The Age of Agnotology: The Importance of Reading Newspapers in an Era of Fake News

Of all the possible places to try to sell a dogmatically Leninist newspaper in 2016, the gates of a small, private, right-wing Catholic university is probably not the best location. Leaving work earlier this week I was surprised to encounter an actual 21st Century Bolshevik selling Lotta Comunista (Communist Struggle). Che testardo! The front page featured an actual hammer and sickle and an exhortation to the workers of the world to put down their bloody phones for a minute and UNITE!. Inside there was a closely-written article on US energy policy that featured nary a mention of the changing climate, while page 6 featured a total of 448 individual statistics relating to socio-economic class and voting habits in the USA. At least its position on Sunday’s absurd and suicidal referendum was more sensible than that of the rest of the ‘left’: they recommend that their readers stay at home memorising ‘What is to be done’ rather than bothering to vote. If you’re so inclined you can read your way through the rest of it here.

A thought experiment: imagine a country in which such a publication was the only newspaper. Actually come to think of it I don’t have to try that hard because I’ve been there quite recently – in May, in Cuba, where the only two daily newspapers are the black-and-white 12-page Government propaganda sheet Granma (named after the tiny vessel that brought Fidel (RIP) and friends back to Cuba in 1956), and an 8-page supplement for03-cuba-fidel-granma young people called Juventude Rebelde (Rebel Youth), which is similar in look, style and content to the kind of publications the Worker’s Revolutionary Party used to try (and fail) to hand out for free. Both newspapers are hard to track down and (after a couple of days of cheap laughs, and once you’ve set aside a few copies as very cheap presents) genuinely not worth the effort. When in the 1990s the US not-an-embassy put up LED screens to broadcast subversive information to the city it must have had quite an impact. In Mozambique – also nominally a Communist country – the national newspapers are remarkably similar in style and content to the cheaper Portuguese tabloids. I once read a very depressing article (it wasn’t supposed to be depressing) about how popular A Bola (The Ball) is in Angola. In some countries, the main journals of record are ones which just report the achievements of government (rather like a lot of local newspapers nowadays in the UK in relation to local councils). In others, the only opposition newspapers are those owned by politically ambitious oligarchs . There are other channels of communication but the absence of a free press makes a country much culturally and socially poorer and less free.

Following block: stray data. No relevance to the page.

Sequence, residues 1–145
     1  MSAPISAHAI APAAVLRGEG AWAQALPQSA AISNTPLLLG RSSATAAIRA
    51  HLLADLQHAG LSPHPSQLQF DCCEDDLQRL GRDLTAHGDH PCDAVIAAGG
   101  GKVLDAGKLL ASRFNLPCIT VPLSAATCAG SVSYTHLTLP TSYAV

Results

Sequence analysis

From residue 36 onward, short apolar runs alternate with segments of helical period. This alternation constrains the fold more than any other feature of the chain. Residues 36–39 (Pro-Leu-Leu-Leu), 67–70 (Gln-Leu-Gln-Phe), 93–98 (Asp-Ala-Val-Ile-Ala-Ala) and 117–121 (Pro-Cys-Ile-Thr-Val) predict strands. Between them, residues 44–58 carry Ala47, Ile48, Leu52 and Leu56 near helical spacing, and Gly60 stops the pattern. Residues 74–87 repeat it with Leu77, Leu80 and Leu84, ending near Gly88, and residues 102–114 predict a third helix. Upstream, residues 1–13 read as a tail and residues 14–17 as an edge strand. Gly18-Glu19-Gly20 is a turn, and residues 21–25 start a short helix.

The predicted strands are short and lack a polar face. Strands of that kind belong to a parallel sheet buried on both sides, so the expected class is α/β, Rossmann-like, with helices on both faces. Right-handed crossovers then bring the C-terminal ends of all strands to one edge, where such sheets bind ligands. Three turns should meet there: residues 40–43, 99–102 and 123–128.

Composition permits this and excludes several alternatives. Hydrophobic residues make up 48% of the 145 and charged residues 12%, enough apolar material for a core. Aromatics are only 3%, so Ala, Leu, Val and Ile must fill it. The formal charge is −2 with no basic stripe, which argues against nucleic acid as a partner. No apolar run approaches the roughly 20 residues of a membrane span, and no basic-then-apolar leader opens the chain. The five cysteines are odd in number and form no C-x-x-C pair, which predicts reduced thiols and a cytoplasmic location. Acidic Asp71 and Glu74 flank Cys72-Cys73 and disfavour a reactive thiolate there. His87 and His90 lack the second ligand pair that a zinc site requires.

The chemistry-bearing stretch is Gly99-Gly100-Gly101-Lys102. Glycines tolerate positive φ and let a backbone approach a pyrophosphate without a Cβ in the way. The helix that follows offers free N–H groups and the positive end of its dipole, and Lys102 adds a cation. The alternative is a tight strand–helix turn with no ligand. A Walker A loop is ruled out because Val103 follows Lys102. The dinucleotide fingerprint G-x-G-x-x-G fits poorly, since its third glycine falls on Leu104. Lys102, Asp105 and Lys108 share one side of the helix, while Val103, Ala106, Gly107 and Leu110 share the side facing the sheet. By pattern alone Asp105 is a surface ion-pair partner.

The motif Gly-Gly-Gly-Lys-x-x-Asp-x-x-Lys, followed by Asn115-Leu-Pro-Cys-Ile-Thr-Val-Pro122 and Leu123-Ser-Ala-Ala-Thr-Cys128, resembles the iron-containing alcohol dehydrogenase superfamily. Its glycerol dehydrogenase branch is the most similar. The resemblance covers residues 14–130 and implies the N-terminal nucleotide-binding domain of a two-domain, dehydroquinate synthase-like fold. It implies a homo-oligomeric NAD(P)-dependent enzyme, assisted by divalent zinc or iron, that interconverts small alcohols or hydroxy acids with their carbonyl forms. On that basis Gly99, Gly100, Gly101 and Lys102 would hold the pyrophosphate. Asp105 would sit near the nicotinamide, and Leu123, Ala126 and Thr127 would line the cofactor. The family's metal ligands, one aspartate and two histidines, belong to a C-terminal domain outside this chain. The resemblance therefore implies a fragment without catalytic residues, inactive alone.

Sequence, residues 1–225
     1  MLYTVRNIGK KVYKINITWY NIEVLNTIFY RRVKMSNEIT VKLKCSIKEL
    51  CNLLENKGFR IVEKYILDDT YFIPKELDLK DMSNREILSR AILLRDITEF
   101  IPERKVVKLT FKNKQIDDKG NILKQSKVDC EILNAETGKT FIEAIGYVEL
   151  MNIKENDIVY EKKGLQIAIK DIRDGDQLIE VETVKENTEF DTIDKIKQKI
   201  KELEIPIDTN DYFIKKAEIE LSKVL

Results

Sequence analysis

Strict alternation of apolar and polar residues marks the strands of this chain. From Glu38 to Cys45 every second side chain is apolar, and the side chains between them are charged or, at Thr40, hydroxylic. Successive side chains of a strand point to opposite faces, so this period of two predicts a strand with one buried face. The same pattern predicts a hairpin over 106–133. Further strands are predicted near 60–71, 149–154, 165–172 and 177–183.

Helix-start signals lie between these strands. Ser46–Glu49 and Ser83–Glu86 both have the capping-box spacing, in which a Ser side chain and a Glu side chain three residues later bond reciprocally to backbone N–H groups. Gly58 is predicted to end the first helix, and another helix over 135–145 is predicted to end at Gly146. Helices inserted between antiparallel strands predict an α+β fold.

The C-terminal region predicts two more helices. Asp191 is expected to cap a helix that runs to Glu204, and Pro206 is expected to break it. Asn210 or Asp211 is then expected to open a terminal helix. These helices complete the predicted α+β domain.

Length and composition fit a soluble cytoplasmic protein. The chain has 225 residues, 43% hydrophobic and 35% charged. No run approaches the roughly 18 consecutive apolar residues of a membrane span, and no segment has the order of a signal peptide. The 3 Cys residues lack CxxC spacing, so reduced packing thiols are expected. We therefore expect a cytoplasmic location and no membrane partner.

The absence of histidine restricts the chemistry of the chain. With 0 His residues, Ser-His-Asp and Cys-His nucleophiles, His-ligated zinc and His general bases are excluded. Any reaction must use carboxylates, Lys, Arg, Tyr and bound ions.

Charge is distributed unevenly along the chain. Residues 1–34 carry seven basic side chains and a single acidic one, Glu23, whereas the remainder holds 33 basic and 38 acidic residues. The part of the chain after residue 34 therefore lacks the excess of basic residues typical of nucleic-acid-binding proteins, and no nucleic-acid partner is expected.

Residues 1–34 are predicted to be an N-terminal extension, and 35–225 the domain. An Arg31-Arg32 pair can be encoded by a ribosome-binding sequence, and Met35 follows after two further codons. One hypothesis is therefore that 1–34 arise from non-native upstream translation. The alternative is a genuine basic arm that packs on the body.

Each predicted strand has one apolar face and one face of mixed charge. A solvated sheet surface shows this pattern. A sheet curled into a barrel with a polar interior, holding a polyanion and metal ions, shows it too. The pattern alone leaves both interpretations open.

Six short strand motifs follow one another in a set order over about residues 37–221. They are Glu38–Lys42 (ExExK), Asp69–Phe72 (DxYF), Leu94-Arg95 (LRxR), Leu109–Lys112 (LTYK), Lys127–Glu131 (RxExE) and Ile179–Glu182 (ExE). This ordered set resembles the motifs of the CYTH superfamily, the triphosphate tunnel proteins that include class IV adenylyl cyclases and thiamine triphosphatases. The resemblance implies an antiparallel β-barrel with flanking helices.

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Care for a free f*cking newspaper?

Here are a few suggestions for possible responses for when one of them annoying fellas tries to force yet another free fucking newspaper on you with the words ‘But it’s free!!!!‘:

That’s because it’s worthless.

So are all the others (accompanied by filthy look).

So’s cancer.

So’s dogshit.

So’s tap water.

So are plastic bags from Asda.

So’s a kick in the teeth.

So’s South Africa (in theory anyway).

So’s Willy the fucking whale.